Mas ‘helped a lot of people’ how exactly?

Julian Stevens

Regarding Caroline Rookes’ defence of the Money Advice Service (Mas), in what way did it “deal with” 50m visits to its website?

Ninty-nine per cent of those who cast an eye over it may well have decided that it was not what they expected (probably quick, easy answers to their questions to which, of course, there aren’t any), and just logged off without doing anything further. Fifty million hits, on its own, is just a bald (and oddly round) statistic that means nothing.

And what is the basis of Mas’s claim to have “helped a lot of people”? It operates no follow-up system to ascertain whether or not, six or 12 months later, those with whom it has actively engaged have stuck to whatever plans of action it may have suggested, and whether they have found them to be of any practical value. So it does not know.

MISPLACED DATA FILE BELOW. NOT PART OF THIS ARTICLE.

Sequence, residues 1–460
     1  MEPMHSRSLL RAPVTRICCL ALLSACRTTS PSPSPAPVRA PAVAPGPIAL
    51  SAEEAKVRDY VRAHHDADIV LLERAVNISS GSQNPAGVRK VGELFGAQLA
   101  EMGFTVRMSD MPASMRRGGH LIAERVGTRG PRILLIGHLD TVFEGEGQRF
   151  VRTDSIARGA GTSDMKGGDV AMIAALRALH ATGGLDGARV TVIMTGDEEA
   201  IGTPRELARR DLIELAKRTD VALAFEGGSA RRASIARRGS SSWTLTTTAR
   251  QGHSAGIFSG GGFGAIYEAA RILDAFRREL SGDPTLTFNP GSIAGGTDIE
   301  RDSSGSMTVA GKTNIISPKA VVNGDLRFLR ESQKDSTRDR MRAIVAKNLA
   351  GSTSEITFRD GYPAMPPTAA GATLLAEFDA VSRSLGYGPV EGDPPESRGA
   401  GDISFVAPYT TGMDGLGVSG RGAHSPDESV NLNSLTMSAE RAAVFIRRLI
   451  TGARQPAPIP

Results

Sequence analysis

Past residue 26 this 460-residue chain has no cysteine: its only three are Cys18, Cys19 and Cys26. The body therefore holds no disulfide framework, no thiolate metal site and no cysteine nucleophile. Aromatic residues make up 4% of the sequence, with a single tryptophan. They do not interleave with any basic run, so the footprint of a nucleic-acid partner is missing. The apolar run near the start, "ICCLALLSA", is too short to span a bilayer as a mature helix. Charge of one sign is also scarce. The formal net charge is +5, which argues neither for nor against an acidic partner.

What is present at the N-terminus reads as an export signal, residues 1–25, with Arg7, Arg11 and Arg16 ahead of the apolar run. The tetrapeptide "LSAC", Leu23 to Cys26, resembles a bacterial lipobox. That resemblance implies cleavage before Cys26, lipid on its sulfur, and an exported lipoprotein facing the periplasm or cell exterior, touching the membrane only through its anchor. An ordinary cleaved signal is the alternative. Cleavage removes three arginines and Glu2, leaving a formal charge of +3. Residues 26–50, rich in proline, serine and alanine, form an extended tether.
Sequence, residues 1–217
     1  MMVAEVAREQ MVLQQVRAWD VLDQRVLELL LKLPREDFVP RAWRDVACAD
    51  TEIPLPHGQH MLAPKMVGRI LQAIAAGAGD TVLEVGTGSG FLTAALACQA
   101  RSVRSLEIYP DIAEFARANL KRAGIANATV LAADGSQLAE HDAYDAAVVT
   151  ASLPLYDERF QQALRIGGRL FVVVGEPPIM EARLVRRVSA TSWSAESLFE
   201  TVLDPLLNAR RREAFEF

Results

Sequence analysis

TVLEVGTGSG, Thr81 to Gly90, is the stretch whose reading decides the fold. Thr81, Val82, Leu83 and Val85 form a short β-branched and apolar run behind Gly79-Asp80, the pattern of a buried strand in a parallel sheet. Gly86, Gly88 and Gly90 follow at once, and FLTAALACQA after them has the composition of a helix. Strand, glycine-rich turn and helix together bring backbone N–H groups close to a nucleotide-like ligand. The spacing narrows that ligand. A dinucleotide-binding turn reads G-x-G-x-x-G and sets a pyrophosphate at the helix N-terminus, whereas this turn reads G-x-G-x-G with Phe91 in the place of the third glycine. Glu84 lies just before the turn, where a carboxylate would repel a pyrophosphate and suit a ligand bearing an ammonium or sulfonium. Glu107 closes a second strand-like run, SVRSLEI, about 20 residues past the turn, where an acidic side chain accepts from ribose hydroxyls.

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What feedback has it sought and received from users on the practical value of the tools available on its website? No examples have been provided, so we simply do not know.

How many visitors to the Mas site have gone on to engage the services of a regulated adviser and reported back that they found those services to have been worth paying for? Does Mas have any idea?

If Ms Rookes wishes, with any credibility, to challenge claims that Mas has been a massive waste of time, she really needs to provide meaningful data with flesh on their bones Unsubstantiated soundbites such as having “helped a lot of people” and “developed a lot of resources and tools” mean nothing.

Julian Stevens